The waltz is all about posture. This week we have a great song. Even better, it's a song that isn't one I would normally sing along to. So it should be much easier to just put on my “dance face” and find “my inner dancer” ... Hopefully :)

Practice has been going well this week. We head back to L.A. on Sunday after practicing six hours a day this week.

Learning a new dance is an emotional rollercoaster. Yes, practicing all that time can be tiring. My legs hurt and if the schedule creates a situation where we practice till past midnight and then start again at 9 a.m. the next morning, to say my legs get sore, wouldn't quite do it justice.

I didn't know what the Viennese Waltz was. Heck, I didn't know there were different types of waltzes. So trying to pick up the steps, the turns, the posture was the first step. Next came actually learning the routine Kym put together for us. As with the jive, when I first start learning the routine, there is always something that seems impossible for me to learn. Kym will show me the step. I will try it. Then we do it over and over and over again. Some steps come easily. Others, not so much.

This week there was a promenade travel. It required about 24 steps in combination at full speed. Literally I felt like I was running to cover the distance we needed to cover and to make the beats work. I'm a tech guy, so I tend to look at the steps as a sequence of instructions, which I write down and try to learn by looking and doing. It's not unusual for me to have a piece of paper in my hand with the steps and directions on them as I learn a step. My approach wasn't working. It was just too fast for me to process and translate to my feet.

Because I wasn't making any progress on these, Kym decided we needed to move on to work on a different part of the routine. Something called “Naturals.” Much easier for me. More like a three-count waltz step. We practiced over and over and then as we tried to improve on it, it dawned on me that these “Naturals” steps were similar to the Promenades. The steps were the same, but the changes of directions were more extreme and the pace and distance was faster and longer. Of course I thought I had just found the solution to all my problems and told Kym about my breakthrough. At which point all she could do was laugh at me and tell me that she had been trying to tell me that the Promenade and the Naturals were very similar and I just had to learn one to get the other.Who knew?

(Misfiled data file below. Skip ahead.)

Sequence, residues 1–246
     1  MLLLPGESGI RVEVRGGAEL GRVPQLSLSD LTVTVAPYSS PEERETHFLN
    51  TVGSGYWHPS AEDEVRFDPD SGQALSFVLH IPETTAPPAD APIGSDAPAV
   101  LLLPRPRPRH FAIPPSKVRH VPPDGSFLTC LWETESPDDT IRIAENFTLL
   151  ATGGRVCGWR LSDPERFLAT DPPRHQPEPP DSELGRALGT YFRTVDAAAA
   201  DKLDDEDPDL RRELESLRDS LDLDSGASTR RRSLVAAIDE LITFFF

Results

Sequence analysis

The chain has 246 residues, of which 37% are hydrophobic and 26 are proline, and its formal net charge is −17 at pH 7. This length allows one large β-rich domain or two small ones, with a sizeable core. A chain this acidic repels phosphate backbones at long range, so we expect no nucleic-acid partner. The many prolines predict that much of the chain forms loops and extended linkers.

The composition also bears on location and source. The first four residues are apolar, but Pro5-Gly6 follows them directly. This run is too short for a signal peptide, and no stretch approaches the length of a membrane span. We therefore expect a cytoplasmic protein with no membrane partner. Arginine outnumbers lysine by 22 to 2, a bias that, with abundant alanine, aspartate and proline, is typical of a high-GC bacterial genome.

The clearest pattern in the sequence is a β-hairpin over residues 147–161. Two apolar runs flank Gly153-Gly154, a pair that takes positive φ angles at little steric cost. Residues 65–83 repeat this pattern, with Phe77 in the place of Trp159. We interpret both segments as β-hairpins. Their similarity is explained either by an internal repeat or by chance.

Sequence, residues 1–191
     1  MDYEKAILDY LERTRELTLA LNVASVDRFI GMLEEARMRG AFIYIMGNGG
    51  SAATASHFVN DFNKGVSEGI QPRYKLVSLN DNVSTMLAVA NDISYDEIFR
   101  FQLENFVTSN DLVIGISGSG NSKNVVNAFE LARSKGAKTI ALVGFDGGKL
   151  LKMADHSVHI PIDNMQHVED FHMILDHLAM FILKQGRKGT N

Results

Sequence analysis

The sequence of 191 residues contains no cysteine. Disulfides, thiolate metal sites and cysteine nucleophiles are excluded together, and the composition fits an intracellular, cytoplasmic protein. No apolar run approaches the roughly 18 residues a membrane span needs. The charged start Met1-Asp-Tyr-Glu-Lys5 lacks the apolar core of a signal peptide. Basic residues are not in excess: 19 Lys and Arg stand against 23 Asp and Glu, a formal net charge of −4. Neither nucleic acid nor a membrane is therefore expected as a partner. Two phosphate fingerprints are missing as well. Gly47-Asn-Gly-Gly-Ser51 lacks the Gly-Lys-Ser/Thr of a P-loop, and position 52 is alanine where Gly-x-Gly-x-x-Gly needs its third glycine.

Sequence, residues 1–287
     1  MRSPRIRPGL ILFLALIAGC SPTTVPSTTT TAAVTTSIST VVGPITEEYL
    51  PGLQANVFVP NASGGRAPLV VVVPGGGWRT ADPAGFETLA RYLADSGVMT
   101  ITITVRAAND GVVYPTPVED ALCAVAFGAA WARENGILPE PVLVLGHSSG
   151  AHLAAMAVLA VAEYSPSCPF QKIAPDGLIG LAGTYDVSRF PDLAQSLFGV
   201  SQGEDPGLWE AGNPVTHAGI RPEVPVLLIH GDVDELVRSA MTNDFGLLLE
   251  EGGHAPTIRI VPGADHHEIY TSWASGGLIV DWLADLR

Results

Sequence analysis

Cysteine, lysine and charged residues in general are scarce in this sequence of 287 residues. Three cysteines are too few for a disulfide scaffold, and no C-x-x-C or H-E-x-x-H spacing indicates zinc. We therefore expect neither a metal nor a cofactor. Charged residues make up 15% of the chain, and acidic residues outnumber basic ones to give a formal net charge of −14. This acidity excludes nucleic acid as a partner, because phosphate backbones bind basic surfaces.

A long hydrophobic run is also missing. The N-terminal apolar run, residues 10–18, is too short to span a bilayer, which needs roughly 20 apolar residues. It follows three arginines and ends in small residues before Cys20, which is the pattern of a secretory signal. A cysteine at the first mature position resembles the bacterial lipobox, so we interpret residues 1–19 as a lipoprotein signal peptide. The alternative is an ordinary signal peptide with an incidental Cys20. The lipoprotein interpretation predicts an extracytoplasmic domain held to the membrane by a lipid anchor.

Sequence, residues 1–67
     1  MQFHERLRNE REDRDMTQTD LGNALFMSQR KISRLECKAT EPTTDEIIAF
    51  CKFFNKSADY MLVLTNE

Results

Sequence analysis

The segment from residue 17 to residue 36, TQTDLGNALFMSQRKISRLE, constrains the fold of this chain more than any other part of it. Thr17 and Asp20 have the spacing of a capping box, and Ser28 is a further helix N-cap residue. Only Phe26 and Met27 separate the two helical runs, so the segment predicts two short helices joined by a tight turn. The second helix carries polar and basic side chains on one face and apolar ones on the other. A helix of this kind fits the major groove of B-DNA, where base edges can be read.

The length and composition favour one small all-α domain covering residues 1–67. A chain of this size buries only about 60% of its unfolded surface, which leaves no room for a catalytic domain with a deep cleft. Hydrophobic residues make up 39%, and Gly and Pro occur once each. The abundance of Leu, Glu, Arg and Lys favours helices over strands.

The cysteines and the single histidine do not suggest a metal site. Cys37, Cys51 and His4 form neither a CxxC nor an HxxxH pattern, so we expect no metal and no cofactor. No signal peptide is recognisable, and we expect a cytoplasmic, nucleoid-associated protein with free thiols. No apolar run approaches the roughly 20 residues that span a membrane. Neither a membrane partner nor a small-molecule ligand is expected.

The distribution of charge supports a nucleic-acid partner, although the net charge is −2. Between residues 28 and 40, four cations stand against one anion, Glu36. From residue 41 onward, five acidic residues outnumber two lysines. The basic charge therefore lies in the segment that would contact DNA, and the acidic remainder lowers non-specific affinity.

It's the breakthrough like this one that all of the sudden re-energizes our practices and pumps up my confidence. One day I feel like I'm never going to learn this thing and the next, I'm looking back at the “impossible,” thinking it's easy.

That's the first hill of the Dancing With the Stars rollercoaster. The second is actually doing it live, and the third of course is waiting on Tuesday to find out if all of you have voted for me.

I promise that I am working hard for you. Thank you to all of you who have voted by phone, by e-mail and bigger thanks to all of you who have sent e-mails, forwarded e-mails and called friends, family and co-workers asking them to vote by phone and e-mail. The stories and feedback I have gotten are amazing!

Whatever success I have on the show is all thanks to each of you!